Northwest of Espargos, you can see the turquoise blue, calm, and clear sea through a chasm (make sure you go in the morning, as the afternoon light doesn't make it all the way to the bottom). Nearby, there is a natural pool where you can go swimming while a second opening, sheltered from passers-by, also allows you to cool off. This is the site of Buracona, one of the not-to-be-missed day excursions around the island. These caves and pools were carved out by the sea in a very black volcanic rock. Do be careful of the strong waves that break on the volcanic reefs though, as they are capable of violently making their way right through to the pools. Just stay very alert.
Just over 3 mi south of Buracona you will find Palmeira. This fishing village has become Sal's main fishing port and the transit point of most of the goods arriving on the island by boat. It's also where you will find the main desalination plant. The picturesque village has managed to stay authentic and even has a few little souvenir shops.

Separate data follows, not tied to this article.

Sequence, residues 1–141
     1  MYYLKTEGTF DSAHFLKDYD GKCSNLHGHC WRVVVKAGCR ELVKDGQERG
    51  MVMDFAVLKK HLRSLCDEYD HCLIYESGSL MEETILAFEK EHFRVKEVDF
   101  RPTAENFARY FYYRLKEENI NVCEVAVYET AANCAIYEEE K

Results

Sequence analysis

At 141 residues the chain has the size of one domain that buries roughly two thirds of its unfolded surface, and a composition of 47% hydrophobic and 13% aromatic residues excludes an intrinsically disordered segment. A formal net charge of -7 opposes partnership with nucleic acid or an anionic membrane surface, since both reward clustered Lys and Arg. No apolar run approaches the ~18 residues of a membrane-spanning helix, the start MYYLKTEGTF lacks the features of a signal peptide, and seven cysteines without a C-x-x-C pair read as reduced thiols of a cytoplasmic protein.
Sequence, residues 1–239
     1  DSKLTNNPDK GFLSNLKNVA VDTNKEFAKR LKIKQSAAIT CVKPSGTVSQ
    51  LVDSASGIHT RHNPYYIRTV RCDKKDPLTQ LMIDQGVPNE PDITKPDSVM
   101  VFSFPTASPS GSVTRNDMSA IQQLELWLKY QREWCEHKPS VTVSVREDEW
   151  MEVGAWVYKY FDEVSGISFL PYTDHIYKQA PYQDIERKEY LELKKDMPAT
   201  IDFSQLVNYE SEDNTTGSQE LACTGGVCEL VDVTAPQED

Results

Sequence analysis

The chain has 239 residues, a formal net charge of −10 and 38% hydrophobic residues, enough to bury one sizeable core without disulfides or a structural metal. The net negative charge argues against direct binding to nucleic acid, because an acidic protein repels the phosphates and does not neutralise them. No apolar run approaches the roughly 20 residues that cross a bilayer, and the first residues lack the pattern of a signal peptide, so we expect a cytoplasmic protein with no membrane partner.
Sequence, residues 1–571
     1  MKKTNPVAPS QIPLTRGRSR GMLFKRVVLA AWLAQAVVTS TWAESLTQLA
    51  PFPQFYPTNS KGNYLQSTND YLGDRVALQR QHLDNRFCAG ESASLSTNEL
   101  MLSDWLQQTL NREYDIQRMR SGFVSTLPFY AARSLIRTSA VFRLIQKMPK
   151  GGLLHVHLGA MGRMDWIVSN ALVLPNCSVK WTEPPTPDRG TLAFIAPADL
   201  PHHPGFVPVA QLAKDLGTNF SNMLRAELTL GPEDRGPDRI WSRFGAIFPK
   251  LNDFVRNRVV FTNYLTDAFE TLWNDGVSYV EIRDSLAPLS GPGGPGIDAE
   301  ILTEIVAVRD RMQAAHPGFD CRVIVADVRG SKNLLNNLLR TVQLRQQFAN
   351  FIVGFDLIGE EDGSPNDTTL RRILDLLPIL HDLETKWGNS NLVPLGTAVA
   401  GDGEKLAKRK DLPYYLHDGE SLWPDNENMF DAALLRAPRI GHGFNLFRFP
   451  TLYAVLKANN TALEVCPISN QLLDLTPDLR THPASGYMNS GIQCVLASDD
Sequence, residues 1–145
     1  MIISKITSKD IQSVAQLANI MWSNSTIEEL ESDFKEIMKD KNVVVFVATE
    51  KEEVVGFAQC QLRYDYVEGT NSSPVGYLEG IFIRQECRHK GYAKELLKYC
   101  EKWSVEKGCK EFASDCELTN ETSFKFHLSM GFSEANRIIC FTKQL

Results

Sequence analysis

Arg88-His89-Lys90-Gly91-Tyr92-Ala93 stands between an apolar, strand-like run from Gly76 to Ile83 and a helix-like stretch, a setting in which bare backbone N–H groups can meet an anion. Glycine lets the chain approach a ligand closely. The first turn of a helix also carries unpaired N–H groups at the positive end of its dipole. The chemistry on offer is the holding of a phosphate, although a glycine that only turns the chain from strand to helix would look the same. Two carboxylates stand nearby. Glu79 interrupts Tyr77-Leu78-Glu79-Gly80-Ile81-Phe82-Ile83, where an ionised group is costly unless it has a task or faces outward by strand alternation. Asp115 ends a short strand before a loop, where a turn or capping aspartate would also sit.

The contrast between the black rock and the turquoise blue water in Buracona is striking.© Patrice Hauser / EASYVOYAGE
To the north of Sal, the sea is only a few hundred metres away... but here we are again in the middle of the desert.© Patrice Hauser / EASYVOYAGE
On the west coast, just over 3 miles from Espargos, Palmeira has become the main trading port on the island. There are also plenty of fishermen here!© Patrice Hauser / EASYVOYAGE
The port of Palmeira is not lacking in charm. Colourful houses and a nonchalant ambiance in the streets of the small village centre.© Patrice Hauser / EASYVOYAGE
The desalinated tap water is not drinkable so the inhabitants must get their supply from trucks carrying water tanks.© Patrice Hauser / EASYVOYAGE